Click here to Skip to main content
14,386,394 members
Rate this:
Please Sign up or sign in to vote.
Since Windows 7, security of Windows Services has been strengthened. Services now run isolated in Session 0, so there can be no interaction between the user (typically session 1, 2, 3, etc.) with Windows Services. See: this article[^]
I read an old article which yet addresses this new change this[^] and I am trying to find out why my when I create a process as a user, from a Windows Service, I see no UI when I run it on Windows Server 2012, while it works perfectly on Windows 10.

The article says:
“In Windows Server 2012, when bringing online the same Cluster Resource, the UI application does not become visible. This happens, because the Cluster Service is also a Windows Service, and the Cluster Resources launched by the Cluster Service are run in Session 0, which does not have user interaction. The workaround is to create a Windows Service that launches the UI application, and make this Windows Service a Cluster Resource. “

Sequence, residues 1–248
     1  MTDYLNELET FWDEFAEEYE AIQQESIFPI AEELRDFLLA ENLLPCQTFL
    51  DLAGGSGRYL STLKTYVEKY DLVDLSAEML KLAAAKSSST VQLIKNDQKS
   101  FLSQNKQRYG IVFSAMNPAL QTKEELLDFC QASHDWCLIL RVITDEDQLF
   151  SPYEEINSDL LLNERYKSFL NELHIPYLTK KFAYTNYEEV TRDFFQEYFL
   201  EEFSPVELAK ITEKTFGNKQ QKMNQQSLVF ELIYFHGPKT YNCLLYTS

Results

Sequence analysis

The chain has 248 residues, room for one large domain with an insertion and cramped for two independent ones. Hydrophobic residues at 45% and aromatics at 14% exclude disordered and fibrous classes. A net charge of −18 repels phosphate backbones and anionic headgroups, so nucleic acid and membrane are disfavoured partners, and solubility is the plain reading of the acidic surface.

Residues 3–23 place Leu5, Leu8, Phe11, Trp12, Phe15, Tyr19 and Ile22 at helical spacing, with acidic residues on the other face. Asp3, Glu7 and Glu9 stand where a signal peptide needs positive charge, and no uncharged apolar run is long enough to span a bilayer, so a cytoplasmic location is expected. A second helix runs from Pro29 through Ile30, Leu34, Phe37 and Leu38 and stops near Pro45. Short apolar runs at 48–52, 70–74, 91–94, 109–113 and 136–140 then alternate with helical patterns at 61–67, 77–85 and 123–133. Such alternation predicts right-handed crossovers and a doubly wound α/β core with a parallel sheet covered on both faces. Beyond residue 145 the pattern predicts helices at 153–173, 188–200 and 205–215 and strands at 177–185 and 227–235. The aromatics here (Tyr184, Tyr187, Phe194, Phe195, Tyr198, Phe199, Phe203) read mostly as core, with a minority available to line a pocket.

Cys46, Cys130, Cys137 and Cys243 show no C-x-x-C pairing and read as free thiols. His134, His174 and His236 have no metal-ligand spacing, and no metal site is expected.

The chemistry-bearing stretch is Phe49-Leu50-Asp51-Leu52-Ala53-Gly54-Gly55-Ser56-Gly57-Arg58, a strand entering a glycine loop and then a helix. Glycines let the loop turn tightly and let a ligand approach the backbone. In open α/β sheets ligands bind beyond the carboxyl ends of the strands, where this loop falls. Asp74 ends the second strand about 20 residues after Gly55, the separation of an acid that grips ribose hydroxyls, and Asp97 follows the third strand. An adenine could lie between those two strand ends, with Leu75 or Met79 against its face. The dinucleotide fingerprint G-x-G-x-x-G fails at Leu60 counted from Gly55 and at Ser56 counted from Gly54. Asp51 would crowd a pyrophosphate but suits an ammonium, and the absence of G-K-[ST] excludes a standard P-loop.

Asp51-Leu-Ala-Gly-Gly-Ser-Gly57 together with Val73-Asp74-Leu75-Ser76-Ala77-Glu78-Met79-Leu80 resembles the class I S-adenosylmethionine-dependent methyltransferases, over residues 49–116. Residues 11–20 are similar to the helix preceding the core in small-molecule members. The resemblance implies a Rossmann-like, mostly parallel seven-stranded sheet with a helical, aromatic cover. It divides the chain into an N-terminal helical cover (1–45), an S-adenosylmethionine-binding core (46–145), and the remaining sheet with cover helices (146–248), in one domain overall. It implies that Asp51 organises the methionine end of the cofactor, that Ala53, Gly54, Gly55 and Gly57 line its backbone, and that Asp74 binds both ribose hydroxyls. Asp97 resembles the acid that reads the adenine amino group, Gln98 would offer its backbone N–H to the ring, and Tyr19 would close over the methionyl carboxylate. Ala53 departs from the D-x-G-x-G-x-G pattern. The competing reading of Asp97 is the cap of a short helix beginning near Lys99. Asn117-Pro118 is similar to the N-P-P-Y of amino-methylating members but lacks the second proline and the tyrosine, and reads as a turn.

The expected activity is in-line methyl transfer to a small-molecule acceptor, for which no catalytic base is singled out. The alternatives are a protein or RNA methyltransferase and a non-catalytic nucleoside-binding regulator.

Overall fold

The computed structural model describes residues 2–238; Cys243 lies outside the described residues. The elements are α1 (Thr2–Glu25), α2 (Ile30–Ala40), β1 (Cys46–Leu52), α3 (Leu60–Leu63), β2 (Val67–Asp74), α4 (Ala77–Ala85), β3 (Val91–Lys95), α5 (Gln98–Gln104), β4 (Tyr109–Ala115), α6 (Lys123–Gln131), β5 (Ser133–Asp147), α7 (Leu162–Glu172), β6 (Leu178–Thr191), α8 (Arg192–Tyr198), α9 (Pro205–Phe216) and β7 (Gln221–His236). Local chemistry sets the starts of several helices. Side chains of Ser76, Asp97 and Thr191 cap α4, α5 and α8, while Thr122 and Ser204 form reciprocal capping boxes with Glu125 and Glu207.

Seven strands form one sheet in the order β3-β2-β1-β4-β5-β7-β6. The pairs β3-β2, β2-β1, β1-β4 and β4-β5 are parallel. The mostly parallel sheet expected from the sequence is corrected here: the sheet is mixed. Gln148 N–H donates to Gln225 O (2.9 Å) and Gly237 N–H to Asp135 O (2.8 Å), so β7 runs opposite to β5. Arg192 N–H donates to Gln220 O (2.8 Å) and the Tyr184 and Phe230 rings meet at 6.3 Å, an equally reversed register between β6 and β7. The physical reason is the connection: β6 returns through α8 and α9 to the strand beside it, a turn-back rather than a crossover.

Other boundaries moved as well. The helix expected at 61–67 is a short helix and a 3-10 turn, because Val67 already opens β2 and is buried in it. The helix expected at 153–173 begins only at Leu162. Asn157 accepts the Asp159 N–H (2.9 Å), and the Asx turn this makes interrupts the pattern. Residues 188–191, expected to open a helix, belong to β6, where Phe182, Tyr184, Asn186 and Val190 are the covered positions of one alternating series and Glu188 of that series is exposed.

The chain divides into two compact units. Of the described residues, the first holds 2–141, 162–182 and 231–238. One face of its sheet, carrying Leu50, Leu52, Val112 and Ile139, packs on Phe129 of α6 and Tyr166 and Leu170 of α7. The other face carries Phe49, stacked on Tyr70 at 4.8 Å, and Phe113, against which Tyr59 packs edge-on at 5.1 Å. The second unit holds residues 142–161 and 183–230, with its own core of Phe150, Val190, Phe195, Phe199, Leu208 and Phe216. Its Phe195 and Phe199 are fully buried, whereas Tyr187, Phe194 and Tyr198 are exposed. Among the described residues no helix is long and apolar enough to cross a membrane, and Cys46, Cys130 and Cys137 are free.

The following function I wrote is supposed to be invoked by a Windows Service in order to start a child process (as a user), so the child process can interact with the user, i.e. have UI. It works perfectly on Windows desktop but fails to work properly on Windows Server 2012. The UI isn't shown (even not a Console window) and a hot key we register for uninstalling the service, doesn't work as well.


Can someone guide me how to make this workaround?

What I have tried:

See my code here[^].

I followed the guidelines of this article.[^] Invoke my process as a user from a Windows Service, as Windows Services are isolated in session 0. So since Services can't have their own UI, nor any interactions with the user, this child process which is a Win32 program, does such interaction and is invoked by the Service using: